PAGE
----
There are several forms of autosomal dominant

Ataxia in which ataxia occurs in intermittent


1  In episodic ataxia with myokymia (EAM/EA type 1), the attacks start in early childhood and last seconds to minutes with myokymia (rippling of muscles, especially facial) evident between attacks. Persistent ataxia does not develop. Mutation analysis of the voltage gated potassium channel gene, KCNA1, on chromosome 12p has identified different mis-sense point mutations. The attacks may respond to acetazolamide or carbamazepine.

2  In episodic ataxia with nystagmus (EAN/EA type 2), the attacks develop in later childhood or adolescence, last hours or days and may be accompanied by headache, nausea and vertigo; they are relieved by acetazolamide. There is no myokymia. In between the episodes, there may be nystagmus and mild gait ataxia; some patients do not experience any acute attacks. Cerebellar atrophy is seen on brain MRI.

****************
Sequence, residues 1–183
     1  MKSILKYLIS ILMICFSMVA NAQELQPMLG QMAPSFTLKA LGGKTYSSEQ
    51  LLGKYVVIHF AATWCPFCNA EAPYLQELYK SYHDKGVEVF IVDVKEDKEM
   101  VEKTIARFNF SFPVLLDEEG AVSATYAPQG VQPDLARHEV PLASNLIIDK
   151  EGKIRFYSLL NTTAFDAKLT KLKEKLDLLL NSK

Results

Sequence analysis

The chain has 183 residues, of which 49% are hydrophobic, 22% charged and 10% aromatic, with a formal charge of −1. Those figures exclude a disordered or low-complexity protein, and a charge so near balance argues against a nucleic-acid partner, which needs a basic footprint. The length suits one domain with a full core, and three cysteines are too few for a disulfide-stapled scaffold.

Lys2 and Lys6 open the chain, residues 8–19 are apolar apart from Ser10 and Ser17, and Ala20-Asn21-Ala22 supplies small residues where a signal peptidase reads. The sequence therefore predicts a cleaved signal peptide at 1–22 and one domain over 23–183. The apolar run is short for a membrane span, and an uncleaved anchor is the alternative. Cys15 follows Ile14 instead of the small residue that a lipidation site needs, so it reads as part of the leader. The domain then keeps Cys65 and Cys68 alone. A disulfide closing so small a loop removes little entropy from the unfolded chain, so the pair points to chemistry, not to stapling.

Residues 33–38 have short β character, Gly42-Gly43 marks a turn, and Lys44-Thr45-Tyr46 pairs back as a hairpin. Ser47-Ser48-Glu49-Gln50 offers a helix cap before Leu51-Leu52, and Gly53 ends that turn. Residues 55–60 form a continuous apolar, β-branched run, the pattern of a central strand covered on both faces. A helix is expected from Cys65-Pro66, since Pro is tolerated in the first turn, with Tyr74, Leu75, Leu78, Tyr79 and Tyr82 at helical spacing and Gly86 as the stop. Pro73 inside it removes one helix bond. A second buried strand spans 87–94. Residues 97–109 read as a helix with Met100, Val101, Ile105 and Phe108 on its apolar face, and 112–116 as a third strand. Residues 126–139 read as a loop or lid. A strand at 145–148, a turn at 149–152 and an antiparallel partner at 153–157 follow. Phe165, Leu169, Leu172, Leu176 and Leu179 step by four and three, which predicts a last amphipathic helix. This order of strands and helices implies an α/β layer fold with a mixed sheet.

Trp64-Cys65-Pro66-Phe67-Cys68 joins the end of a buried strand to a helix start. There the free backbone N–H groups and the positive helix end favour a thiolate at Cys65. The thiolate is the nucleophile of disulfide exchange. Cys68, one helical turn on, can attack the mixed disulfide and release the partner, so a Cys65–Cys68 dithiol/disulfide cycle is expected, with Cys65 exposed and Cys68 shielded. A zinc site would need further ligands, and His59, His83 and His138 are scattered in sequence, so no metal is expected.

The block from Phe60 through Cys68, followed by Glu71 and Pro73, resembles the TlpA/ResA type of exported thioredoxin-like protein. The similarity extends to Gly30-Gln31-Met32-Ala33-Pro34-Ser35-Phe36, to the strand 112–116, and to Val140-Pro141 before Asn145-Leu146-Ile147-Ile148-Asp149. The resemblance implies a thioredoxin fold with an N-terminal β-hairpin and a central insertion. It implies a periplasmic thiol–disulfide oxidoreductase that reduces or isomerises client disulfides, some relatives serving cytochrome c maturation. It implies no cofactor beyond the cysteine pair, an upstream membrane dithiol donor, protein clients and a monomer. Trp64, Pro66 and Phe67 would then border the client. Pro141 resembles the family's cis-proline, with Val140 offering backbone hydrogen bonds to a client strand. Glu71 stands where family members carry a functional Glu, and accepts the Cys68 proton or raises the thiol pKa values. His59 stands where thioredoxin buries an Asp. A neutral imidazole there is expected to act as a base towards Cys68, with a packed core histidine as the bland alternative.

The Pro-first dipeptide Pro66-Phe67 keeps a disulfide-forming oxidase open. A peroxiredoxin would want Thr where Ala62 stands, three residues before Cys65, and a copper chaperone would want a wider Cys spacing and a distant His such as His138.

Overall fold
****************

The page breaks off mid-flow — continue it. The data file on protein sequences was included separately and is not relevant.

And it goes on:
Similar neurological signs are seen in some patients with autosomal dominant familial hemiplegic migraine. Familial hemiplegic migraine and periodic ataxia without myokymia are allelic disorders on chromosome 19p13 caused by point mutations of the alpha 1A calcium channel gene (CACNL1A4). Trinucleotide CAG expansions within the same gene cause a mild autosomal dominant adult-onset cerebellar ataxia (SCA6, see below under Autosomal dominant cerebellar ataxia type III). Other point mutations of CACNL1A4 cause

Familial hemiplegic migraine which has similar symptoms to EA2.

Episodic ataxia type 3 is rare; there is episodic acetazolamide-responsive ataxia, vertigo and tinnitus; myokymia can occur. There is linkage to a gene on chromosome 1q42.

Episodic ataxia type 4 (periodic vestibulocerebellar ataxia) can also be associated with a mild persistent ataxia; it is not linked to episodic ataxia type 1, 2 or 3. There are attacks of ataxia, oscillopsia, diplopia and vertigo. A persisting ataxia may develop. Episodic ataxia type 5 has been seen in one family. It was caused by a mutation of the alpha 4 subunit of the calcium channel gene CACNB4 on chromosome 2q22-23. The same mutation rarely causes epilepsy.

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